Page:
The IB; two letters put together to form a daunting two-year diploma program that can make or break your high school career. The International Baccalaureate, now 45 years old, is present in 126 countries and in 2,268 schools, rendering it a popular and successful program around the globe.
You have most likely already heard the stories of horror and pain; TOK, EE, CAS, IA, RI, IW, IOC, IOP … the acronyms seem endless along with the homework, the stress, and the fatigue. However, if the IB diploma were not a suitable, worthwhile, and beneficial choice, it would not continue to be offered.
The level of rigor between the two courses is debatable, but the IB is more challenging than the AP program. The IB tests and expands your endurance, mental strength, and organizational abilities over the course of two years in a way that no other program is able to. By the end, you will feel more prepared for university than if you had chosen the AP program.
A common misconception is that the IB is only best when planning to pursue a university degree in the UK or in Europe. However, the IB is also widely accepted in the United States. In fact, it is looked upon with admiration, as its rigor is well-known and often commended.
As a student who spent both 9th and 10th grade at ZIS, I was well aware and well educated about each program offered and what each entailed. I chose the full IB diploma program for reasons that I still stand by today as a year-two student approaching final examinations.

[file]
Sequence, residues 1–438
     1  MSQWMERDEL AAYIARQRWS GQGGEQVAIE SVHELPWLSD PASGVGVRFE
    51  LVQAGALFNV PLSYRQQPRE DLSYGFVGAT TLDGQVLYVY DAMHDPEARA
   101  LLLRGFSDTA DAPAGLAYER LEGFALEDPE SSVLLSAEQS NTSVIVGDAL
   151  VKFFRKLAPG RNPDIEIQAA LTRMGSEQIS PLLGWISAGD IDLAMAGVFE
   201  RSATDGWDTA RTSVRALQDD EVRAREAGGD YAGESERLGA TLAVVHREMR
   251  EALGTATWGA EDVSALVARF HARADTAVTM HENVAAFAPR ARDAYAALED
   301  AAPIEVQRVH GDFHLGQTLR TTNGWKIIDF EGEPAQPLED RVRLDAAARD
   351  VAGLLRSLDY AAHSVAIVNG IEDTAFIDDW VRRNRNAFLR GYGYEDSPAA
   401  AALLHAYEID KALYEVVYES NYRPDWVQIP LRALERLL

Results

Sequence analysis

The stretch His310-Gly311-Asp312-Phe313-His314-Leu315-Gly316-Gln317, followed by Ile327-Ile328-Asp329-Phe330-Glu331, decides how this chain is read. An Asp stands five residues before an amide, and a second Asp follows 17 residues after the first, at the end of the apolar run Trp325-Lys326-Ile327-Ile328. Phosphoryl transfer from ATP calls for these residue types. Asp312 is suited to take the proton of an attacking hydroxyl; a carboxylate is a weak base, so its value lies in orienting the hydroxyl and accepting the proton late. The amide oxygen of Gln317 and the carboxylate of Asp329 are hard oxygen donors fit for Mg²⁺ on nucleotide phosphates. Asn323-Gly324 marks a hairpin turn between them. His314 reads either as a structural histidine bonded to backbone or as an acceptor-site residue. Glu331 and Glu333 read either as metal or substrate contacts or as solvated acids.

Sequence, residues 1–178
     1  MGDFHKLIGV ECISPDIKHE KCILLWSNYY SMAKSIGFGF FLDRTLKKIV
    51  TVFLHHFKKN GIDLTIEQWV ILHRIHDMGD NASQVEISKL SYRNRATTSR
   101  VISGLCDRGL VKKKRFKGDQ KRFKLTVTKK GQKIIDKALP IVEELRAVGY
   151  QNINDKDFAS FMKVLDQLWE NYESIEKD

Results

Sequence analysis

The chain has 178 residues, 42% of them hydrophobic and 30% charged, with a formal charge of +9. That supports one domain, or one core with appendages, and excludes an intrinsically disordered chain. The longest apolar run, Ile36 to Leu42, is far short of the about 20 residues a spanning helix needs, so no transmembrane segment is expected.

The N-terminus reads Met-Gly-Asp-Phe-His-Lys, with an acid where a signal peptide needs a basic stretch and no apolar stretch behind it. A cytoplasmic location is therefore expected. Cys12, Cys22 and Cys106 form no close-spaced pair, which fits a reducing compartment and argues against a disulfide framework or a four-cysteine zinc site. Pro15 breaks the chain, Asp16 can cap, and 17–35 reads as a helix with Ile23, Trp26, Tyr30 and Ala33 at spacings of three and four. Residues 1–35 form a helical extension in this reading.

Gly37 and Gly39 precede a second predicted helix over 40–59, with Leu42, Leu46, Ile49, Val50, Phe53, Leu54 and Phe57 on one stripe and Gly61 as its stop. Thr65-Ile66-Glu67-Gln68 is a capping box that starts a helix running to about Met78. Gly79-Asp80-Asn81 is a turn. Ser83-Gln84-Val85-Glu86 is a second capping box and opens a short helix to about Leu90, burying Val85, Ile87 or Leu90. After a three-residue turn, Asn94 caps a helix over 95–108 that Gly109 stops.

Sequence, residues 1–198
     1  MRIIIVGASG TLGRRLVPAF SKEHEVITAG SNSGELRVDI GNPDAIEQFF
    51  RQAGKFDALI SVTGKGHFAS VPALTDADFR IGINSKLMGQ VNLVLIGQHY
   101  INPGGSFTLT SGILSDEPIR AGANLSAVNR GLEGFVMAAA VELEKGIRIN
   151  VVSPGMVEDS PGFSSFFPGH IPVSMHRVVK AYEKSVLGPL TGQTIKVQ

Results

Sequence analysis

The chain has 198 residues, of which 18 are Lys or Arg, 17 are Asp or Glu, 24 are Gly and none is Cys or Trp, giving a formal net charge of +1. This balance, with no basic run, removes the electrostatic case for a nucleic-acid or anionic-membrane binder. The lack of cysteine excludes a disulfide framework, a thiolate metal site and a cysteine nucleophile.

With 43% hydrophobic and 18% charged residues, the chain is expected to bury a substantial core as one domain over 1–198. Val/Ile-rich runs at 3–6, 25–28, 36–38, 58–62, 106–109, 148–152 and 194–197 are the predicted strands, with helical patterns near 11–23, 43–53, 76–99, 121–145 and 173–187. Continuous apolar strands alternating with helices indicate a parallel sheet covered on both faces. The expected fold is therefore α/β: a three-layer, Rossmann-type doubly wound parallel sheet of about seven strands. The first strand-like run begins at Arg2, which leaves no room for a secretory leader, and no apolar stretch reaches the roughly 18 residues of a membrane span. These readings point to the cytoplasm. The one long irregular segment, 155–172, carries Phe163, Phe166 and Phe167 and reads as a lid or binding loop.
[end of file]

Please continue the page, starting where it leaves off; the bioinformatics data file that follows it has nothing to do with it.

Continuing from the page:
Each course is two years long, which brought me comfort in the ability to fully explore and thoroughly learn each subject. The stability of having the same teacher, class, and environment over the course of the two years allows for a deeper understanding of material, knowledge that becomes permanent.
Over time, each class begins to feel like home, or even family, despite the workload. Being able to learn in a comfortable and stable environment has been most beneficial for me, and the material that has been taught over the past two years has been more memorable than any one-year course I took in the past.
The diploma program is particularly beneficial if you have a specific passion. For instance, if you are an artist, the IB Visual Arts course allows you to freely explore your own interests through creating any form of art over two years. Also, if you are planning on going into medicine, the ability to learn an extensive and detailed amount of biology or chemistry over two years is much more beneficial than a one-year course.
It is true that the program requires and develops strong organizational and time management skills. This is one of the main reasons why I do not regret my choice; the IB has made me feel ready for what lies ahead in university. The rigor and struggle of balancing school work with after-school activities, and enough free time to keep us sane, is a direct reflection of the challenges we will all face in future university settings.
My best advice is to select the program that you believe you will succeed in the most. The stability and well-known rigor of the IB was the best choice for me in terms of my chances at success when applying to university. It has prepared me for life after high school in an ideal way that I believe I would not have if I had chosen the AP program.
The IB will help you develop important skills that you will need in the future, not only for university, but also for a career. Its rigidity and structure mirrors university and career life, as we will not always have flexibility to change our minds.
Once decisions are made, we will have to stick with our choices. The IB will train you for the future and teach you that although something may be difficult, it can be overcome with great long-term success.
By: Annalea Maurer